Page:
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Gross CP, Long JB, Ross JS, et al. The Cost of Breast Cancer Screening in the Medicare Population. JAMA Intern Med. 2013;173(3):220–226. doi:10.1001/jamainternmed.2013.1397
Author Affiliations: Cancer Outcomes, Public Policy, and Effectiveness Research (COPPER) Center (Drs Gross, Ross, Wang, Killelea, Chagpar, and Ma and Ms Long), Yale Comprehensive Cancer Center and Yale University School of Medicine, New Haven, Connecticut; Section of General Internal Medicine, Department of Internal Medicine (Drs Gross and Ross and Ms Long), Section of Medical Oncology, Department of Internal Medicine (Dr Abu-Khalaf), Department of Epidemiology and Public Health (Drs Wang and Ma), and Department of Surgery (Drs Killelea and Chagpar), Yale University School of Medicine, New Haven; and Departments of Population Health and Medicine (Dr Gold), New York University School of Medicine and New York University Cancer Institute, New York.
Background Little is known about the cost to Medicare of breast cancer screening or whether regional-level screening expenditures are associated with cancer stage at diagnosis or treatment costs, particularly because newer breast cancer screening technologies, like digital mammography and computer-aided detection (CAD), have diffused into the care of older women.
Methods Using the linked Surveillance, Epidemiology, and End Results–Medicare database, we identified 137 274 women ages 66 to 100 years who had not had breast cancer and assessed the cost to fee-for-service Medicare of breast cancer screening and workup during 2006 to 2007. For women who developed cancer, we calculated initial treatment cost. We then assessed screening-related cost at the Hospital Referral Region (HRR) level and evaluated the association between regional expenditures and workup test utilization, cancer incidence, and treatment costs.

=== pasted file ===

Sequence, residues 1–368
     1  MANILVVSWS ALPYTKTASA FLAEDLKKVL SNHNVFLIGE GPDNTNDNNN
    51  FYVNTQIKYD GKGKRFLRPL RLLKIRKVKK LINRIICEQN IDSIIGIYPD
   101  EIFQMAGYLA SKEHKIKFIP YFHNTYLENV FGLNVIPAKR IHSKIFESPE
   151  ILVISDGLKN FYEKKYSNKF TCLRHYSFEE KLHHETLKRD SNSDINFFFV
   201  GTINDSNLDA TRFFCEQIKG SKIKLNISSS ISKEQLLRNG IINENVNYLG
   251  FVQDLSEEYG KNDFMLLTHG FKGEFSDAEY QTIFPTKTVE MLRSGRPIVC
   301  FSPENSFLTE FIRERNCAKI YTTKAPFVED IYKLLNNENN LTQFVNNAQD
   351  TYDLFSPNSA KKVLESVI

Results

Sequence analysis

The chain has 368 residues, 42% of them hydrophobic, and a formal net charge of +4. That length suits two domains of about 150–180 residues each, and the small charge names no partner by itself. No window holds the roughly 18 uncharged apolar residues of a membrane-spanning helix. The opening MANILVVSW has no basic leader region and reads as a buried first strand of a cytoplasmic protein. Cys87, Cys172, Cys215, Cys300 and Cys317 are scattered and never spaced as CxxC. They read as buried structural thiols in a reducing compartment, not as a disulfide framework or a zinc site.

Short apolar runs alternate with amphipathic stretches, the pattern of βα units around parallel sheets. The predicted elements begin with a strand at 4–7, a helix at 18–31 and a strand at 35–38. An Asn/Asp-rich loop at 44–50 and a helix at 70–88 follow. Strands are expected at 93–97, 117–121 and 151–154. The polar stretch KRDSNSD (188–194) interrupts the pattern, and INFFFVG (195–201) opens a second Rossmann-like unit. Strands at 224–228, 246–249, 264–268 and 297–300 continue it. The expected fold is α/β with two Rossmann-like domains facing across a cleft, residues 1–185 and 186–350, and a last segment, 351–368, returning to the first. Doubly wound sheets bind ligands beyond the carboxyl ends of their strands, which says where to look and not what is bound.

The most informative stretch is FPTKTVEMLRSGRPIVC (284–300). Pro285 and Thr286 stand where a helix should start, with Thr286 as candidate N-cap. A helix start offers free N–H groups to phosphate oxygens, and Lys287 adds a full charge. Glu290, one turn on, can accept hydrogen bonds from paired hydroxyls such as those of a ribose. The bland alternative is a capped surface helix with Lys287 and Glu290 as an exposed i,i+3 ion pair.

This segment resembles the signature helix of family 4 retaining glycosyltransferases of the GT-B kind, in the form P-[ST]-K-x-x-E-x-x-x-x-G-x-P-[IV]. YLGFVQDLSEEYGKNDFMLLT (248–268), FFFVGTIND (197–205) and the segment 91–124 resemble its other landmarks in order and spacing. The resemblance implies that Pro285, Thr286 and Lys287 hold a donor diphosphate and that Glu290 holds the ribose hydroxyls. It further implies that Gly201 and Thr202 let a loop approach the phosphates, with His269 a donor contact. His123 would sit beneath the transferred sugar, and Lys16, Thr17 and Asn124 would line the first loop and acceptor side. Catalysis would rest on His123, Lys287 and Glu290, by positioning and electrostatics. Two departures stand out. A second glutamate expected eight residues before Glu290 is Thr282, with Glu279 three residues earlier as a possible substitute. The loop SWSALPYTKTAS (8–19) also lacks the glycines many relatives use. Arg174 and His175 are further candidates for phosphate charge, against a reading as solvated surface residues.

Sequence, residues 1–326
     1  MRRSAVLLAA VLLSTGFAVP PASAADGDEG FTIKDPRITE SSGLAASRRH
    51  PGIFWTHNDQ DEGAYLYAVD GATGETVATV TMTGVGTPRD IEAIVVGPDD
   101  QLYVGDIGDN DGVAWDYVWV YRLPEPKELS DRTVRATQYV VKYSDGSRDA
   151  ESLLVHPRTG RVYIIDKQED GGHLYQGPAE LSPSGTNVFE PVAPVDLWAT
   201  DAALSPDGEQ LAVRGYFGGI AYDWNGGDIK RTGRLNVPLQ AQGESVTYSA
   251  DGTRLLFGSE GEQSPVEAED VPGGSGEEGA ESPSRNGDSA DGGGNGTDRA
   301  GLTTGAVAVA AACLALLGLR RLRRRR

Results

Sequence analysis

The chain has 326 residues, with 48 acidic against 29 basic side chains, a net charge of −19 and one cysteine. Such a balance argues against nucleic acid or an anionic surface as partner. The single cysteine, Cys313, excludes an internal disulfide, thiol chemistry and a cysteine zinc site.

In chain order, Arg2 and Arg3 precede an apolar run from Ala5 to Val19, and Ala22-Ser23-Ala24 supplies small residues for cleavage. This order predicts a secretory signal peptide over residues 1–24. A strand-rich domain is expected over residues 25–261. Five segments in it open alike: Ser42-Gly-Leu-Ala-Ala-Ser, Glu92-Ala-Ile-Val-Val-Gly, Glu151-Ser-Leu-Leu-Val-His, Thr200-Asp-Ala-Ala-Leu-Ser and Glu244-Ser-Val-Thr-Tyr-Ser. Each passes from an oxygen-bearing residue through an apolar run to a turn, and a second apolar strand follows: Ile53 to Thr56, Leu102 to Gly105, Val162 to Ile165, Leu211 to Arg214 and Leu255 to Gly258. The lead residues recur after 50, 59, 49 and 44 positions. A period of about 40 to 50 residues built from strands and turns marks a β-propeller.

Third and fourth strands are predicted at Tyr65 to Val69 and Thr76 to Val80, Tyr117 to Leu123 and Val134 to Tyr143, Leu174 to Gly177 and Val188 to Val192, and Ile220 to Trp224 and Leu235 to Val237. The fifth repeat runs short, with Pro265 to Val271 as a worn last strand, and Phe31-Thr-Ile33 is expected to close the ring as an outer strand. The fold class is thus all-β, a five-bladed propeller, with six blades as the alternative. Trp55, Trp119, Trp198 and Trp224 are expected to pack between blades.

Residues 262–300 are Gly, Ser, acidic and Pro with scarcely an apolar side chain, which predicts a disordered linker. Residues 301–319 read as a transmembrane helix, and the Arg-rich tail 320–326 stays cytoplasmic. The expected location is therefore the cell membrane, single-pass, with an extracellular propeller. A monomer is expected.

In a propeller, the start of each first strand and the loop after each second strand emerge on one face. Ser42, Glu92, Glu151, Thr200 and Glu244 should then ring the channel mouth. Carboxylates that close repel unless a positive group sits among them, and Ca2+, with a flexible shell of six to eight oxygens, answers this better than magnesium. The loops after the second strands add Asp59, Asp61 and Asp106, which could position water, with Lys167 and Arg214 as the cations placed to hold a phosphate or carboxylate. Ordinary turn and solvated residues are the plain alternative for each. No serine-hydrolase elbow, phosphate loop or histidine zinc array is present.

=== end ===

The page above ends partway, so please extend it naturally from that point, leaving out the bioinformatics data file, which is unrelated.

Results In the United States, the annual costs to fee-for-service Medicare for breast cancer screening-related procedures (comprising screening plus workup) and treatment expenditures were $1.08 billion and $1.36 billion, respectively. For women 75 years or older, annual screening-related expenditures exceeded $410 million. Age-standardized screening-related cost per beneficiary varied more than 2-fold across regions (from $42 to $107 per beneficiary); digital screening mammography and CAD accounted for 65% of the difference in screening-related cost between HRRs in the highest and lowest quartiles of cost. Women residing in HRRs with high screening costs were more likely to be diagnosed as having early-stage cancer (incidence rate ratio, 1.78 [95% CI, 1.40-2.26]). There was no significant difference in the cost of initial cancer treatment per beneficiary between the highest and lowest screening cost HRRs ($151 vs $115; P = .20).
Conclusions The cost to Medicare of breast cancer screening exceeds $1 billion annually in the fee-for-service program. Regional variation is substantial and driven by the use of newer and more expensive technologies; it is unclear whether higher screening expenditures are achieving better breast cancer outcomes.
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